Professor Ken Wilson
Systematic review, meta-analysis in depression in old age, epidemiology of old age mental health; intervention studies in depression in old age and Parkinson disease; health services research in dementia and affective disorders in old age.

Dr Bridget Young
Communication and interpersonal processes in illness, particularly childhood illness; health research methodologies. 

Dr Matt Field

Many of our students go on to work in the addictions field, be that in treatment, research, or policy. They also benefit from being part of a thriving and enthusiastic research community.

How long have you worked at the university?

Since September 2004.

What's your work about?

I look at the roles of automatic cognitive processes and impulsivity in addiction, with a focus on heavy drinking. This mainly involves laboratory based work where we test theoretical predictions regarding how these processes contribute to drinking behaviour, but also involves studies with alcohol-dependent patients, and longitudinal studies investigating the development of heavy drinking in schoolchildren. I work in collaboration with colleagues across the University, at other Universities in the UK, and further afield, particularly USA and the Netherlands. Some of my earlier work has been translated into novel treatment interventions for alcohol dependence, which are currently being tested to see if they work. But overall I would say that the most important impact of my work has been to clarify the importance of cognitive processes in addiction, particularly automatic processes that addicts themselves might not be aware of.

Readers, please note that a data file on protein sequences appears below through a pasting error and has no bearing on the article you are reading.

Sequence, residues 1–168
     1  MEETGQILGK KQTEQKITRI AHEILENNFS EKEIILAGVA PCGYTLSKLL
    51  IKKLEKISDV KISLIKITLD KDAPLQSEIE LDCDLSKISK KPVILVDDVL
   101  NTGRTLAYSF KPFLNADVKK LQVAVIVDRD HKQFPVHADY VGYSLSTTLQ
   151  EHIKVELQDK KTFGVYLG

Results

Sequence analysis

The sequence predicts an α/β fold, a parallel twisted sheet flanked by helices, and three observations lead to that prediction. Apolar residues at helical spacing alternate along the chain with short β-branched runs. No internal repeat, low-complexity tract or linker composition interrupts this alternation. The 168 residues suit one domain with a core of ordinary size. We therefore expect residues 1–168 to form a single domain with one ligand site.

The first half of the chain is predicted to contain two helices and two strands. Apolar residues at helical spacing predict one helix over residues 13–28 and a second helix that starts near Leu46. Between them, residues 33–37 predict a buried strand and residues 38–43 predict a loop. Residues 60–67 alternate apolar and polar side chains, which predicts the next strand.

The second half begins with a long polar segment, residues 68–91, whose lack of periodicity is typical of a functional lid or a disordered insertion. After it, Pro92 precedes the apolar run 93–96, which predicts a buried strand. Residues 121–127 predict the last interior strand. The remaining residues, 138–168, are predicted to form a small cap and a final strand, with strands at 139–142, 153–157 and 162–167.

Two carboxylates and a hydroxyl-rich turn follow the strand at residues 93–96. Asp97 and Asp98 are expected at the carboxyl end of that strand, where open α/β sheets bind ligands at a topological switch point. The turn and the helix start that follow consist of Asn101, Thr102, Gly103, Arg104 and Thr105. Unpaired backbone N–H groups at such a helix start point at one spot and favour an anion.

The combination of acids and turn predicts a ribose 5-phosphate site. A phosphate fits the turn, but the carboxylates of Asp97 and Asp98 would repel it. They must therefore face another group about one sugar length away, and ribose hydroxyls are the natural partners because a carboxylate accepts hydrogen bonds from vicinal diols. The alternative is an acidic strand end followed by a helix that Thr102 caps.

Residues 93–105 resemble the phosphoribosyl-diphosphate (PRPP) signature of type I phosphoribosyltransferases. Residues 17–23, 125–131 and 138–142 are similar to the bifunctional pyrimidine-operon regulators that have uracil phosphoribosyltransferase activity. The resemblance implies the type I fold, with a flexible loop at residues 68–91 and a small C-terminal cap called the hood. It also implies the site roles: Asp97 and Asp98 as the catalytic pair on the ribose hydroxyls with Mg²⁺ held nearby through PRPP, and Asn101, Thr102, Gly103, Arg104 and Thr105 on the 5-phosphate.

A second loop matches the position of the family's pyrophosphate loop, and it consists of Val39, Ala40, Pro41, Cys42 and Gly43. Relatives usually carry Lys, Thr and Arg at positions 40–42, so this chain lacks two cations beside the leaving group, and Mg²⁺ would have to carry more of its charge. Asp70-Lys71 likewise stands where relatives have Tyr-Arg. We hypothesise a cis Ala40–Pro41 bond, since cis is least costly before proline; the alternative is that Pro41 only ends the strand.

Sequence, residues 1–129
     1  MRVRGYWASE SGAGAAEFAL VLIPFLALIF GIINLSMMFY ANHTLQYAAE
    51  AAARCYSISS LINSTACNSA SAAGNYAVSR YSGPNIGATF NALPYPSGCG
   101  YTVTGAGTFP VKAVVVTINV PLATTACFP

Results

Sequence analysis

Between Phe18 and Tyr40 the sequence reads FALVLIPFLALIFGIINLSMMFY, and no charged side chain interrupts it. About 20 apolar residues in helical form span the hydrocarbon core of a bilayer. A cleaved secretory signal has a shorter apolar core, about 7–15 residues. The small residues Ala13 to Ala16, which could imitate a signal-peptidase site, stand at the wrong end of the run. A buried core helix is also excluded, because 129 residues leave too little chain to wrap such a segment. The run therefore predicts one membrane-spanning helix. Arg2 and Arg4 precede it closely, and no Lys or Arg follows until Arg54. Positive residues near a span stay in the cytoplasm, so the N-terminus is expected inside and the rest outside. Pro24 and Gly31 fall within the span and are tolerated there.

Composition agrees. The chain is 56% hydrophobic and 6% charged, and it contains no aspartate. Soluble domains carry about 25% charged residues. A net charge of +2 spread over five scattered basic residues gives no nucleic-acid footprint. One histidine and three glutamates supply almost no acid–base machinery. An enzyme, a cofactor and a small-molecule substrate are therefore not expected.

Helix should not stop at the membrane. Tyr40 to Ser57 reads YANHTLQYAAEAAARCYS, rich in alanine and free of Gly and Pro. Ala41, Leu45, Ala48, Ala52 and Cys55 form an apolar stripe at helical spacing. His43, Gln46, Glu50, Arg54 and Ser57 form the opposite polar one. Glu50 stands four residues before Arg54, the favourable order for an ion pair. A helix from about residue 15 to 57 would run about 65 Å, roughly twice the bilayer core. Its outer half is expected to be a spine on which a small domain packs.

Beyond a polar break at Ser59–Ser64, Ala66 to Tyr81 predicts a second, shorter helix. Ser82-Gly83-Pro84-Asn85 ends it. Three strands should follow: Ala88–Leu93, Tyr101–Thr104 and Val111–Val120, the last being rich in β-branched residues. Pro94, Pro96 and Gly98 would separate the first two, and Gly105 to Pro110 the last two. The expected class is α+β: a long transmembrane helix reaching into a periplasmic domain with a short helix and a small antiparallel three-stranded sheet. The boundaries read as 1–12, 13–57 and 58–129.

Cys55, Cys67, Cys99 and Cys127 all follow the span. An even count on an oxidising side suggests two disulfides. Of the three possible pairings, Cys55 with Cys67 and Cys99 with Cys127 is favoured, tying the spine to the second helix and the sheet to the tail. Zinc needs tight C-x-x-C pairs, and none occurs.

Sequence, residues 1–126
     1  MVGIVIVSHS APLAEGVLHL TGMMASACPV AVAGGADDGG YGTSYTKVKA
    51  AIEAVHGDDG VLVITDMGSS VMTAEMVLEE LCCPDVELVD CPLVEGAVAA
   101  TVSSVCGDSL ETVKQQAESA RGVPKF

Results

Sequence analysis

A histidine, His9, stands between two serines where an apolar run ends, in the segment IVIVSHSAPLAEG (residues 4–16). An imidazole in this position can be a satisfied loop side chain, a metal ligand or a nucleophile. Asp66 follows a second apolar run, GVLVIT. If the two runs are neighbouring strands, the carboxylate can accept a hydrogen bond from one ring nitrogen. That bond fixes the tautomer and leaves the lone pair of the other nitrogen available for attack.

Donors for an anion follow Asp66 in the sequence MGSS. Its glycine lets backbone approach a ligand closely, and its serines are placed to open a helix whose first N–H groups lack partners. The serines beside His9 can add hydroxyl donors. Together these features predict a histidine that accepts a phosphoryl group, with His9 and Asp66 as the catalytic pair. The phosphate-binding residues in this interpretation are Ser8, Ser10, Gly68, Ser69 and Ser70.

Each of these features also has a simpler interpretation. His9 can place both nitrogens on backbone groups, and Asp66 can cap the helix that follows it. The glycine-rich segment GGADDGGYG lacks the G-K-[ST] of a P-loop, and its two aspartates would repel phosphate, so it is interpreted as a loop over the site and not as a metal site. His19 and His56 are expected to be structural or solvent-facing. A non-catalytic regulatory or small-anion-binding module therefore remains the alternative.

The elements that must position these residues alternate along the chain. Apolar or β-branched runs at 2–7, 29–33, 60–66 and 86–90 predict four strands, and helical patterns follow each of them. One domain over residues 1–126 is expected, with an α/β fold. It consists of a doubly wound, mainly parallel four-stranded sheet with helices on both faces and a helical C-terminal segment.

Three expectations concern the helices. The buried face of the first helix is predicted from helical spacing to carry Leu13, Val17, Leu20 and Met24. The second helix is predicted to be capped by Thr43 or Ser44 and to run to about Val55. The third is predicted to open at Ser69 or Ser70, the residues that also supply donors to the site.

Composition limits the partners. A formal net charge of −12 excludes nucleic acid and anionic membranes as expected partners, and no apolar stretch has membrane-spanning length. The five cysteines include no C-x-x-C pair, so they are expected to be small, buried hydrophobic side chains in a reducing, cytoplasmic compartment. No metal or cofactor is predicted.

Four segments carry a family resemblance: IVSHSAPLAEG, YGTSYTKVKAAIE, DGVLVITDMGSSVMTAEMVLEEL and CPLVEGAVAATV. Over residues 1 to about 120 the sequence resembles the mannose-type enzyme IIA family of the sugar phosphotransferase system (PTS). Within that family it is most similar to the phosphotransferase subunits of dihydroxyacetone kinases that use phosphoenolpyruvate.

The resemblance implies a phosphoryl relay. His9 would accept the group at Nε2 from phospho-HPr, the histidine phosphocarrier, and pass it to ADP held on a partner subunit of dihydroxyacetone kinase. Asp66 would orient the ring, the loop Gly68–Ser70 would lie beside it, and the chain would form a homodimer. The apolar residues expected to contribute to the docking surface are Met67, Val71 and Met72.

What modules do you teach on which programmes? 

I teach on module PSYC404 (Addiction Theories and Interventions), which usually involves fairly small groups of students (less than 10). Some of our former students have gone on to do PhDs in addiction or other mental health disorders, others have gone on to work in addiction counselling, some go on to work as clinical psychologists, and others end up working on drug policy issues for the UK government

What do you love most about the University of Liverpool?

The vibrant research environment and the enthusiasm of the students.

Why should prospective students study a postgraduate qualification here?

Because you will be joining a community of people who are conducting cutting edge research, actively publishing in academic journals, and you will have the opportunity to get involved in some exciting projects. Our teaching is definitely research led, so you can be assured that you will be learning about the very latest developments, rather than ancient material that was pulled straight from an old textbook!

What are the benefits?

Many of our students go on to work in the addictions field, be that in treatment, research, or policy. They also benefit from being part of a thriving and enthusiastic research community.

What does your department/subject, in particular, offer a prospective student?

There are very few courses like this in the country, and even fewer that are run by people who conduct research that is internationally recognised.